bed are another aspect to consider. As you study the field of
competing loft bed designs, you can conclude what the usual features
and accessories are. It might have a small desk, with a small book
shelf, for an option, or an open space for your futon or beanbag. I
think my design goes a lot farther. It is actually a loft bed system,
with many accessory options. This do-it-your-self book has multiple
desk, shelf, and storage options for clothes, books, files, CDs, etc.
For many people the storage accessories alone will justify purchasing
this book. Where else do you find all this information, (and
incorporated design), in one place? The bed side table option is way
cool and useful. I haven’t seen that anywhere else.
What I offer here is not just more and better though, I explain how to
build it! The details are simplified, and the process is broken down
for the handy person and beginning woodworker. Most people of average
aptitude and coordination can build my loft bed system. The detailed
explanations with drawings and photographs walk you through all phases
of construction. You don’t have to settle for a lesser bed, that
doesn’t expand your space very much, and is unsafe to boot! I think
this is the best.
This loft bed is designed with young
adults in mind: their size and their needs. This is not planned for
small children. I do not recommend loft beds for small children. In
fact, the government regulations clearly state that no child under age
six should be allowed on an upper bunk of any kind! They define an
upper bunk as thirty inches or more above the floor. Although one of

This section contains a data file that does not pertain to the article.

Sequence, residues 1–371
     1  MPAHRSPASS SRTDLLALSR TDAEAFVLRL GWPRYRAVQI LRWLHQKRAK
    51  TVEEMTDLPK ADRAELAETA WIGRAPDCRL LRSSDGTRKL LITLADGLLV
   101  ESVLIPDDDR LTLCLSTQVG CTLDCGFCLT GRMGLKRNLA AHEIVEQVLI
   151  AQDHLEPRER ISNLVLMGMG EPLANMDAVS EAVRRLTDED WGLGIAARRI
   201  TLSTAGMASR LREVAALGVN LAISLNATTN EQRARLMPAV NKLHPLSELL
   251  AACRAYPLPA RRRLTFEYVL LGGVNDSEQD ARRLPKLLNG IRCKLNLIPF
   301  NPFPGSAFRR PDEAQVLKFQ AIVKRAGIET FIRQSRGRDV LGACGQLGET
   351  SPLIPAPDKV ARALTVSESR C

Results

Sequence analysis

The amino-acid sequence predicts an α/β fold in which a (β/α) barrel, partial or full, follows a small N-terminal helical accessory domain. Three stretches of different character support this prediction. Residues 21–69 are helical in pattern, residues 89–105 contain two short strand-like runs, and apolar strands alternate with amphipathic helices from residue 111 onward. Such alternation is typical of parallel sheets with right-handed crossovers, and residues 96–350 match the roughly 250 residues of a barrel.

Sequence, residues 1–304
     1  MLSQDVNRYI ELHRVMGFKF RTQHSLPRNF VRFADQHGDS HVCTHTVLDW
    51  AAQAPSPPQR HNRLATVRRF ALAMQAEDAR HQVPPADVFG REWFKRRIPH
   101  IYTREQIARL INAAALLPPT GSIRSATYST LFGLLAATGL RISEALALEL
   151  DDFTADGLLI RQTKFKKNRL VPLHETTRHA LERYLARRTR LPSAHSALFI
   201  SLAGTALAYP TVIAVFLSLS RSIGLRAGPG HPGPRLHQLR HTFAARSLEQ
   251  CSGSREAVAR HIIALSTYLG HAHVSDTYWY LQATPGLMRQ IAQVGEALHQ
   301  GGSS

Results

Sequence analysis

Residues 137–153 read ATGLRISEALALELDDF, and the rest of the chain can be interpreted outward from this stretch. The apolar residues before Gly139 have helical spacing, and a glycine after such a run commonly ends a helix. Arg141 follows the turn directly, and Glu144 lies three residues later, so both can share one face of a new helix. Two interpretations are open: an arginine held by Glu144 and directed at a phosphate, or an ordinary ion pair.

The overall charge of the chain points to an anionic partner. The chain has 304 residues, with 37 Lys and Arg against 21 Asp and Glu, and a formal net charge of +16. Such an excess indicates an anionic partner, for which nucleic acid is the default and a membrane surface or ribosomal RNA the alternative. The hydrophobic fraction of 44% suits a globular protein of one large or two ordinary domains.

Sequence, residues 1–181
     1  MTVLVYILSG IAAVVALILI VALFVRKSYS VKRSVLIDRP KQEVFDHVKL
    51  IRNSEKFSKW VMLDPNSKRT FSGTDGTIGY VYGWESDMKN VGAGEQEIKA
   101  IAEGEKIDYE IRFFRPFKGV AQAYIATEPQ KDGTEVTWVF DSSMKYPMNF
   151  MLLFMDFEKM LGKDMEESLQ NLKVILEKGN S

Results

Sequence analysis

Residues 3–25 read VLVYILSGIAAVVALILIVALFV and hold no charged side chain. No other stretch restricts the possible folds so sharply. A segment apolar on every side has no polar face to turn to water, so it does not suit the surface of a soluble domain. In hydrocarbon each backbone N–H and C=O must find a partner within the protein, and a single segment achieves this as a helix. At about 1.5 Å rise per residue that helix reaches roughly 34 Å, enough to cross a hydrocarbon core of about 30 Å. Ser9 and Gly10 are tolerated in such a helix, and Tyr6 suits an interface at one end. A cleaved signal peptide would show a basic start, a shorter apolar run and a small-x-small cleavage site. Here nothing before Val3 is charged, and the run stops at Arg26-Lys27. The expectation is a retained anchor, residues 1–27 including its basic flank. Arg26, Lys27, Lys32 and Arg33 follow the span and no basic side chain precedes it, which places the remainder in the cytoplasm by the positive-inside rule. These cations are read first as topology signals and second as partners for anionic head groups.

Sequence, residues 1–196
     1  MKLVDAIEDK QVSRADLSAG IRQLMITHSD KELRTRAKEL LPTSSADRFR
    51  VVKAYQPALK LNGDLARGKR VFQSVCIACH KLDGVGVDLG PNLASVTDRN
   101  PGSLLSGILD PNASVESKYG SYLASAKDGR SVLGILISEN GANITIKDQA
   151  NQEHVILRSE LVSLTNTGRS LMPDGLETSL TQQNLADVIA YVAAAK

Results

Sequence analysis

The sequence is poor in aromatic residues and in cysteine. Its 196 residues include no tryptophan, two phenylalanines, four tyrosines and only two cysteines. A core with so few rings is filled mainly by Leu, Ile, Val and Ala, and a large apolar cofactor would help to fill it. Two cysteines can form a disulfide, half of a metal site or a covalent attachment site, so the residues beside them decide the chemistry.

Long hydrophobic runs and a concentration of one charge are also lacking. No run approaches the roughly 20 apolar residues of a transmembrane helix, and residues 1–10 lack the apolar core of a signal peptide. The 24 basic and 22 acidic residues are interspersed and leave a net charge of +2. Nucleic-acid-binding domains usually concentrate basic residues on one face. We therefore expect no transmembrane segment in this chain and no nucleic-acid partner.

the chapter options is making bunk beds, they are two distinctly
different designs, of different proportions. There is a child size,
and an adult size. Please read, understand, and use good judgment.
The builder and the user must assume all
risks associated with all phases of the construction and use of this
do-it-yourself loft bed. Although the author has endeavored to write
thorough and safe instructions, the author cannot supervise on-site.
Furthermore, as the instructions progress beyond the basic structure,
less is said about safety, in general. It is still important! I only
assume that you have read it many times to get that far. I hope that
you establish safe work habits from the beginning and maintain them.
Now you are beginning what may be your
first DIY project, or at least the biggest to date. Good luck to you!
The results are worth the effort. I think you have chosen the best
because of the safety, durability, and way-cool accessories!
Buy the book or
watch our cool video that
shows you just how easy it